Other important considerations include the incorporation of strategies relating to business continuity and disaster recovery. However, for these to add value, they should be provided in sufficient detail prior to the contract being signed, and then updated regularly during the contract term.
Often overlooked is an appropriate exit management strategy. It is a worst case scenario, and we recommend that as a minimum, it sets out a methodology to facilitate a smooth and orderly transition of the services to the replacement supplier.
Just as important, you will need to consider what your termination rights are, and under what circumstances a termination sum is payable.
You may like to consider including a “termination at will” clause, but you will need to be conscious that the supplier may require reciprocity, and you could end up with your supplier exercising a right to pull out of the project early.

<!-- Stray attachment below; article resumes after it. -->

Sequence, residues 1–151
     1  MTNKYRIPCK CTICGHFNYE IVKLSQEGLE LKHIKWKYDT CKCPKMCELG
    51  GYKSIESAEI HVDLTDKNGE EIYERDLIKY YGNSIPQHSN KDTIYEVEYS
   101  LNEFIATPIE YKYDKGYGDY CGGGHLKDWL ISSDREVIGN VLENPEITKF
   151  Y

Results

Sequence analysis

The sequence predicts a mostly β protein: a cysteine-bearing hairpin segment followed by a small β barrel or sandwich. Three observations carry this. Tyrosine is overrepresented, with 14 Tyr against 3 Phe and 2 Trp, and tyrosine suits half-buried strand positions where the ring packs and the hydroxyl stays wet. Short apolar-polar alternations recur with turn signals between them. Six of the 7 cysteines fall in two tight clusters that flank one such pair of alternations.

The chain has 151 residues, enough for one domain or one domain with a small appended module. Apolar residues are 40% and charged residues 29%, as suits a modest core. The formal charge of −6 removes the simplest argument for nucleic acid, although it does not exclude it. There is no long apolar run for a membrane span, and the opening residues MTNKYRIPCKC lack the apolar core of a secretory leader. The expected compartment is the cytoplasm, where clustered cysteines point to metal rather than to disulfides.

As termination sums go, you will need to make sure that the method of calculation is clear.
There may be additional costs associated with you being able to use a continuing licence if one is required. If so, transparency of such costs is paramount.
Once all the contract terms are agreed, it is imperative they are carefully documented prior to the contract being correctly executed by all the contracting parties and dated.
The contract terms should be finalised and signed before the supplier commences the provision of the services.
‘Seeking the appropriate guidance early is critical if you wish to reduce risk’
Parties, acting with good intentions, are often happy to allow suppliers to commence work prior to the relevant contract having been completed, executed and dated in the expectation that suitable terms can be agreed post-commencement of the services by the supplier.
More often than not, this places the strategic advantage in the supplier’s favour.
In any IT project, the need to maintain good relations, and to agree a sufficiently robust contract structure to address risks, often within a challenging timeframe, is key.
Seeking the appropriate guidance early is critical if you wish to reduce risk, increase the chances of achieving your goals and save money in the long term.